By Marvin W Meyer; Richard Smith
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Additional info for Ancient Christian magic : coptic texts of ritual power
In spite of uncertainties, we present in this chapter a broad sampling of Greek (occasionally Greek and Coptic) texts that illustrate a general concern for ritual power in Christian Egypt. As such, these texts, together with the other Greek and Demotic texts of ritual power, complement very nicely the Coptic texts of ritual power published in this volume. 28 RITUAL POWER IN EGYPT The ritual power invoked in the texts in this chapter is directed toward several specified needs. Many of the texts are spells intended to heal or protect a person from illness.
Many of the texts are spells intended to heal or protect a person from illness. When the precise illness is mentioned, more often than not it is a fever, an eye ailment, or a disease prompted by demon-possession. Oxyrhynchus 1384 (text 4) combines medical prescriptions and healing legends in the same text. Oxyrhynchus 1077 (text 7) presents Matthew 4:23-24 with the Greek words arranged to form crosses and with a drawing of a human figure in the center. Like other texts, Berlin 11858 (text 8) includes an historio/a, or mythic story (here, a paraphrase of Matthew 14:22-33), that may help provide the power to aid the one wearing the amulet.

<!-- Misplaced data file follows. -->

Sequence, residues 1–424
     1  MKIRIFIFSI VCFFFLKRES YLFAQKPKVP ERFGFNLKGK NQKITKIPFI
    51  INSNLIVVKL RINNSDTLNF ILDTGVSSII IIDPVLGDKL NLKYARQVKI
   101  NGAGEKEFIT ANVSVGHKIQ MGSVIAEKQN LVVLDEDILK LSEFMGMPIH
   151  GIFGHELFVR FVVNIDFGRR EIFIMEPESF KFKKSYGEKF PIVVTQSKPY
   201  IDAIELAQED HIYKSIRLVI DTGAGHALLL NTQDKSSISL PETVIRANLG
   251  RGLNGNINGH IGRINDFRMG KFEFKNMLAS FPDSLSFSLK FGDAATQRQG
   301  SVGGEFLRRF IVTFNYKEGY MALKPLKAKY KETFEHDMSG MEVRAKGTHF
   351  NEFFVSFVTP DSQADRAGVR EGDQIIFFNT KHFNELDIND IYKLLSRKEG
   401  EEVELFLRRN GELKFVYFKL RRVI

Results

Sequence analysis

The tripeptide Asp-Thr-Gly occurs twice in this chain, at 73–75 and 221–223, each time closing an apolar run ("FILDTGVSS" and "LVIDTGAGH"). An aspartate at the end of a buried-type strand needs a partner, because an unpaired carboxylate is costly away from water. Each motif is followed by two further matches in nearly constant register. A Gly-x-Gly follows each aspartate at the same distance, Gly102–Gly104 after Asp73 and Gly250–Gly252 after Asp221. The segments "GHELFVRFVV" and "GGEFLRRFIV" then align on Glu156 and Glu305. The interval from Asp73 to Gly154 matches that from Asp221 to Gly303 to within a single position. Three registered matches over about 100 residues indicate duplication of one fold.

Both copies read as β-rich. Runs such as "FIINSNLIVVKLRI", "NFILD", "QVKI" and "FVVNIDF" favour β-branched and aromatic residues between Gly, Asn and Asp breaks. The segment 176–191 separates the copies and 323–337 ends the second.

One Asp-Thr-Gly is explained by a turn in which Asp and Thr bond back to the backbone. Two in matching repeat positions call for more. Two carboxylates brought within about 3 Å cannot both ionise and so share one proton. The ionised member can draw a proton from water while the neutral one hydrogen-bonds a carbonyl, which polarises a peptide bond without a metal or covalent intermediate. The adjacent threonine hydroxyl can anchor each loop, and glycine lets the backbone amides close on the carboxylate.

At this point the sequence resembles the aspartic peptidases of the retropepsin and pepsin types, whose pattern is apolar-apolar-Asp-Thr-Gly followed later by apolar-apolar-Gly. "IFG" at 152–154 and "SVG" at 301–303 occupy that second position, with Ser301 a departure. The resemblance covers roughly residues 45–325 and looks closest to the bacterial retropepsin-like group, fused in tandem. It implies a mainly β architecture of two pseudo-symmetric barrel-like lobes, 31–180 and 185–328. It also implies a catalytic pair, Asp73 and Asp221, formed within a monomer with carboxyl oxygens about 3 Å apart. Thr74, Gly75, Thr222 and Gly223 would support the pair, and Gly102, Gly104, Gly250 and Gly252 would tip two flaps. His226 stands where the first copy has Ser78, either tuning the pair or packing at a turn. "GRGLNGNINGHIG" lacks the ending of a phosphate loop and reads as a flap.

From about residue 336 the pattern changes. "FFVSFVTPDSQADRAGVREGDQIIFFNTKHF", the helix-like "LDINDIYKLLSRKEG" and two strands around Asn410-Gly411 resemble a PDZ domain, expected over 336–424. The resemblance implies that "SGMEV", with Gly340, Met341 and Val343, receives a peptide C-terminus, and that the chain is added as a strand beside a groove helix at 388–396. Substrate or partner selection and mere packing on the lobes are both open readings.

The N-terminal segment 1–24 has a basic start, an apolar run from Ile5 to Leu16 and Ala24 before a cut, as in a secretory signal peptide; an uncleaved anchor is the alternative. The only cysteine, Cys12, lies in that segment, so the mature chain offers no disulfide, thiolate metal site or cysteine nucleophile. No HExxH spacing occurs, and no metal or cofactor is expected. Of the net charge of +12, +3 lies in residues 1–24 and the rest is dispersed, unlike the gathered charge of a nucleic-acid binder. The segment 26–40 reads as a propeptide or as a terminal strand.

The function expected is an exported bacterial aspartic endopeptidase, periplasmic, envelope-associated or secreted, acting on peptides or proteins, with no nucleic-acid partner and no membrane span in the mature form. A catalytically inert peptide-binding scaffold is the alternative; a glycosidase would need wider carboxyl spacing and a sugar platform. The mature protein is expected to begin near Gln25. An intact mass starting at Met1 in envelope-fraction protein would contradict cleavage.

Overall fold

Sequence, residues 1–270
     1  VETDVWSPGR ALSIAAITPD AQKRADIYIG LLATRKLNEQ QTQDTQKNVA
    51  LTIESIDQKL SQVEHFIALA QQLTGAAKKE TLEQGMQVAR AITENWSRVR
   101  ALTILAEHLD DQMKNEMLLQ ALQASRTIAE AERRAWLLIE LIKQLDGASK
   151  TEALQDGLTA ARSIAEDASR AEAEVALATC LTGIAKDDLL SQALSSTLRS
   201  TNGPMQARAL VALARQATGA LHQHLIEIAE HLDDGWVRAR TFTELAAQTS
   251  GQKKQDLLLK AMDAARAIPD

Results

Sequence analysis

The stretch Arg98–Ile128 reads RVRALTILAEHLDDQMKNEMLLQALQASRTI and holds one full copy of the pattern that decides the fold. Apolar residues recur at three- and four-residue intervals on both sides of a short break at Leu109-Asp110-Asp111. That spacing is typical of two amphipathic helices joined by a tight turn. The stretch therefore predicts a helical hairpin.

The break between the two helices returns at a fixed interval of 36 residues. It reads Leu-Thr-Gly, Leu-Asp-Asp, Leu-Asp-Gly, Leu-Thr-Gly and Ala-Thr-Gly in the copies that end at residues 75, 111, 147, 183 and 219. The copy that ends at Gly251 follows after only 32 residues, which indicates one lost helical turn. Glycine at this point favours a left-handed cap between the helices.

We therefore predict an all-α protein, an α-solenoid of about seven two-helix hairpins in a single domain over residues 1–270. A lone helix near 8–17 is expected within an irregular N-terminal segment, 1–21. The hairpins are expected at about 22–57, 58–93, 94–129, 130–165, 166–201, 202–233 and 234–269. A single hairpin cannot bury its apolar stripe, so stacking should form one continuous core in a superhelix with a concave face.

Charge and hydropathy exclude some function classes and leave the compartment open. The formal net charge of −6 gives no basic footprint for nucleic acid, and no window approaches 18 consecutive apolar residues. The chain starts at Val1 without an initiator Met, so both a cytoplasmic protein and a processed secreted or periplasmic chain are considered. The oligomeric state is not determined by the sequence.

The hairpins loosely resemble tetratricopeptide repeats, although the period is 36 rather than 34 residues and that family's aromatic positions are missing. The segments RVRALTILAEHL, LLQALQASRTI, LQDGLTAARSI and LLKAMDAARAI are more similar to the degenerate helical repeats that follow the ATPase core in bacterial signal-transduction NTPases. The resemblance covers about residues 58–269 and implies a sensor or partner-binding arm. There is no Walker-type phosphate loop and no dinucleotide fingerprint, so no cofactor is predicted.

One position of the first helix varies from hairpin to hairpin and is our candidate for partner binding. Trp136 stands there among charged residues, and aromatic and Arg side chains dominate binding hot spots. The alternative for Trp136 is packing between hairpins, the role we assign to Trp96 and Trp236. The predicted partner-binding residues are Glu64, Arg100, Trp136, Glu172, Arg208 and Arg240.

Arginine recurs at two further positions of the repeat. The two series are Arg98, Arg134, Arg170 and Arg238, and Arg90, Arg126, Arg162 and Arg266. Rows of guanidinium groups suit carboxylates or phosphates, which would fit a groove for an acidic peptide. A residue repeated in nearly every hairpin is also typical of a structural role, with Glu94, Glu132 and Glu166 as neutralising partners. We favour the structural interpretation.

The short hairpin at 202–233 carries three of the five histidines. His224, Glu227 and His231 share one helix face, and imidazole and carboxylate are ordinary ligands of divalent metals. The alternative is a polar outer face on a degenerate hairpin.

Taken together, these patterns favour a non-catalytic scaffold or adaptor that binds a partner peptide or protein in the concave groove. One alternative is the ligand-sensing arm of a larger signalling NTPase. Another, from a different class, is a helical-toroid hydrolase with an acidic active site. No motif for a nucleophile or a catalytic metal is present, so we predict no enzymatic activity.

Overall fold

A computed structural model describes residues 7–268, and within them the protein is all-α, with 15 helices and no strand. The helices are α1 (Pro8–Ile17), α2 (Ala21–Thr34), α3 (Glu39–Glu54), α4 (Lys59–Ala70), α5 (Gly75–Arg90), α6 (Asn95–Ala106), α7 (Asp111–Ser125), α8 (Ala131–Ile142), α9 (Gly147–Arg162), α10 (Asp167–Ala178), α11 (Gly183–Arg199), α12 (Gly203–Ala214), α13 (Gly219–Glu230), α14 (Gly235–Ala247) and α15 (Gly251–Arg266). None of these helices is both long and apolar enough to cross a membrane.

Our knowledge of Greco-Roman traditions of ritual power in Egypt has expanded greatly with the publication of the "Greek magical papyri" in the well-known volumes edited by Karl Preisendanz, Papyri Graecae Magicae, which were published in 1928 and 1931 and were reedited (by Albert Henrichs) in a new edition that appeared in 1973-74. (Now see also Robert W. ) English translations of these Greek texts (and others not included in Papyri Graecae Magicae) have appeared recently, in 1986 (second edition, 1992), in a volume edited by Hans Dieter Betz, The Greek Magical Papyri in Translation.